Common causes of allergic rashes include:
- Food — Hives tend to break out shortly after a child ingests what they are allergic to, like peanuts, eggs, or milk.
- Poison ivy — Red bumps may turn into blisters in the area that came in direct contact with the plant.
- Antibiotics — Nearly 1 in 15 people are allergic to some type of antibiotic, most commonly penicillin. A reaction usually appears after one or two doses of medication but could occur anytime during treatment. If your child develops a rash, do not have them take another dose. Call your pediatrician immediately so they can change the medication.
- Heat rash (also known as prickly heat) – This is not an allergic rash, but rather a skin condition caused by blocked sweat ducts. These small, pimple-like spots are caused by prolonged sweating or exposure to the sun.
Treatment for allergic reactions: “If this is the child’s first exposure, I would suggest giving an antihistamine and monitoring their symptoms. Topical steroid cream can be used to control itchiness. In severe cases, when the child is very uncomfortable, oral steroids can be used to control the inflammation,” advises Dr. Rogers.
Note: Watch carefully for other systems in the body that may be affected. If your child begins to wheeze, cough, have difficulty breathing, become nauseous or vomits, or they develop swelling in the tongue or face, visit the closest ER or call 911 immediately. These are signs of a life-threatening allergic reaction known as anaphylaxis, and an EpiPen is usually needed to help improve breathing and reduce swelling.
Bacterial and Fungal Infections
Other pediatric rash triggers include various strains of bacteria and fungi in the environment. Children have less-developed immune systems and are notorious for picking up germs and other tiny organisms.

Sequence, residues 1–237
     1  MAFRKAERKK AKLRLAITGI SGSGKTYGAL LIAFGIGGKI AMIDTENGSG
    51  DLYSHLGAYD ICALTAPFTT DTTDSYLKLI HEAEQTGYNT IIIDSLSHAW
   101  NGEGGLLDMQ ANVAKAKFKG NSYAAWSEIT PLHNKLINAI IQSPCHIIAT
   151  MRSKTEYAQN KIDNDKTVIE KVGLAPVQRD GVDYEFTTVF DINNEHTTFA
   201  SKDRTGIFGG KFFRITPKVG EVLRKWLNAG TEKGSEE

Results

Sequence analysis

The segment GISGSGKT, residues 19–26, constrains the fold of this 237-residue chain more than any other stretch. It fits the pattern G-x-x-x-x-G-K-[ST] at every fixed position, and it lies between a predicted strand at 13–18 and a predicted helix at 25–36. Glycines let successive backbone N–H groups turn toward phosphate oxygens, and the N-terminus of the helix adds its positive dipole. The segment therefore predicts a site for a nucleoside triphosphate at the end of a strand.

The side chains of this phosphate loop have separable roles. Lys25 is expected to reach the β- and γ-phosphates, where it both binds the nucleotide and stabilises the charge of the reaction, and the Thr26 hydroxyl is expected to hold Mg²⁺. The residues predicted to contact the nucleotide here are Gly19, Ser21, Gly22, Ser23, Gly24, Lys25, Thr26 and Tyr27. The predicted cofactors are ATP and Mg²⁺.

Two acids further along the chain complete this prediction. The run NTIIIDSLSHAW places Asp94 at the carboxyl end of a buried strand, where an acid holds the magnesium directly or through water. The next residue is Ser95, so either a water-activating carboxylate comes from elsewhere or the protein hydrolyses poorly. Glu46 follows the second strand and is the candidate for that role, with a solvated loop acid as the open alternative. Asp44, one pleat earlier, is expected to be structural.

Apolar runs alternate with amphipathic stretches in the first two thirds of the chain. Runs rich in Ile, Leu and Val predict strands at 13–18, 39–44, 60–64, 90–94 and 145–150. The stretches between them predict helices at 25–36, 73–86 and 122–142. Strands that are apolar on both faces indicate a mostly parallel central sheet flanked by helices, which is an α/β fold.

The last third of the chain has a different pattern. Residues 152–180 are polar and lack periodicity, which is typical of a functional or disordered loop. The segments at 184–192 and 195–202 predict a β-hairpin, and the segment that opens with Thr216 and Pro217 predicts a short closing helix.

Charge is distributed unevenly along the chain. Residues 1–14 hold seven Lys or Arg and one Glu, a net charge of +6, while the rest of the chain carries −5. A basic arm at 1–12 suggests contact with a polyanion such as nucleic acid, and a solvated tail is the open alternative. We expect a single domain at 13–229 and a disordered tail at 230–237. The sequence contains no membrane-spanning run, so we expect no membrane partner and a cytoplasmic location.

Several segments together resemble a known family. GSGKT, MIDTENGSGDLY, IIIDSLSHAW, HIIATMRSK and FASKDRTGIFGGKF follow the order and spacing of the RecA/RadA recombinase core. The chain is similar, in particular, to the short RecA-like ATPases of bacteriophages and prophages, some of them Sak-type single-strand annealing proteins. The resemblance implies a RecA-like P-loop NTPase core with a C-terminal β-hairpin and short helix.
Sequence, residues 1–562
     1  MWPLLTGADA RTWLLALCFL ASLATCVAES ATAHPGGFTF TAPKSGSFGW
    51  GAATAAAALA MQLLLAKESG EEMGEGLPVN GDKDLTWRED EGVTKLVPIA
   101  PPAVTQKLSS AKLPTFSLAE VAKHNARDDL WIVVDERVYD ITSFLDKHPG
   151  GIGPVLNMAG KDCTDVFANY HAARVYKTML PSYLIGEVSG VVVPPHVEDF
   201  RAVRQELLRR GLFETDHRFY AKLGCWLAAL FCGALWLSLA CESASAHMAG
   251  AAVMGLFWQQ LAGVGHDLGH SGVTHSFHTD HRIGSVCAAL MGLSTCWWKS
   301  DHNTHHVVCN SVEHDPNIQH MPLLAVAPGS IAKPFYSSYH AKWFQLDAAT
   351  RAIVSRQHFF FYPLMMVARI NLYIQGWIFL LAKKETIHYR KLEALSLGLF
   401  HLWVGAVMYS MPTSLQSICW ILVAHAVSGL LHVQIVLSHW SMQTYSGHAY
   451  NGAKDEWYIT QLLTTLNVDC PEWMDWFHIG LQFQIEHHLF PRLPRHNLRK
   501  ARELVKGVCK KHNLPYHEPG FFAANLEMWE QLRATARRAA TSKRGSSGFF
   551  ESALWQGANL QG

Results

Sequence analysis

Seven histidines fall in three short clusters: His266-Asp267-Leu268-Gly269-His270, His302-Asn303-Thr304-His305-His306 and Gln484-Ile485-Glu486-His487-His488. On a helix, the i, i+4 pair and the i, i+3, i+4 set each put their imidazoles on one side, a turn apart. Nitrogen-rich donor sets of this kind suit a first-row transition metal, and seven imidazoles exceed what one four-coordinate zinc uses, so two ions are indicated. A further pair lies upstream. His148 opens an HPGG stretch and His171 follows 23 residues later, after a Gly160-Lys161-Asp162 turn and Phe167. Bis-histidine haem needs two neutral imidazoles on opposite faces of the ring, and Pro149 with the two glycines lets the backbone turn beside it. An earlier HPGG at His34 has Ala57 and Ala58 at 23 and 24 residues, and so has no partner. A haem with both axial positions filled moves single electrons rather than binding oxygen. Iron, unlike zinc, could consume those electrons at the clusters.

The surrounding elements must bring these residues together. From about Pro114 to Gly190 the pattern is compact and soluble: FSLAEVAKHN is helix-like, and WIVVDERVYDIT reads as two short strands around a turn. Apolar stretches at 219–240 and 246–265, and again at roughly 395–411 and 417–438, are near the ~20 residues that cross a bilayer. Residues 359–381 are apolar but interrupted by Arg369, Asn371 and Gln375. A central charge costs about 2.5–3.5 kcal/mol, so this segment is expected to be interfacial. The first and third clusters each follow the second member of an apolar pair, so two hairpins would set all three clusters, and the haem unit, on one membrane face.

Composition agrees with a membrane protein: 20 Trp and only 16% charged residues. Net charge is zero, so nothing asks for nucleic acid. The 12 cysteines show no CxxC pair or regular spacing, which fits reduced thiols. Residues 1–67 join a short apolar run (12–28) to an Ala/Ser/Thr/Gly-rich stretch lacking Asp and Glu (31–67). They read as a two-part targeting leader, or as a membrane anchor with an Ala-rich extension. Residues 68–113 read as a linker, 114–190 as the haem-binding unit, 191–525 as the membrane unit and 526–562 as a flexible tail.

Common causes of bacterial and fungal infections are:
- Impetigo — This contagious skin infection presents with red sores and blisters on the face. Sports with skin-to-skin contact can spread this bacterium.
- Ringworm — Caused by a fungus, this circular, ring-shaped rash usually has a clear center. Children often pick up ringworm by walking barefoot in a locker room or near a swimming pool.
- Athlete’s foot — A peeling, cracked, scaly, or itchy rash starts between the toes.
Treatment: “Bacterial infections like impetigo require antibiotics, so the child will need to be seen in the office,” says Dr. Rogers. “If a fungal rash does not respond to over-the-counter creams, make an appointment so your pediatrician can prescribe a stronger medication.”
Also known as atopic dermatitis, this condition causes the skin to be red, dry, scaly, and itchy. The exact cause of eczema is unknown, but it is thought to be a combination of an overactive immune system, allergies, the environment, and genetics. Eczema is extremely common in children.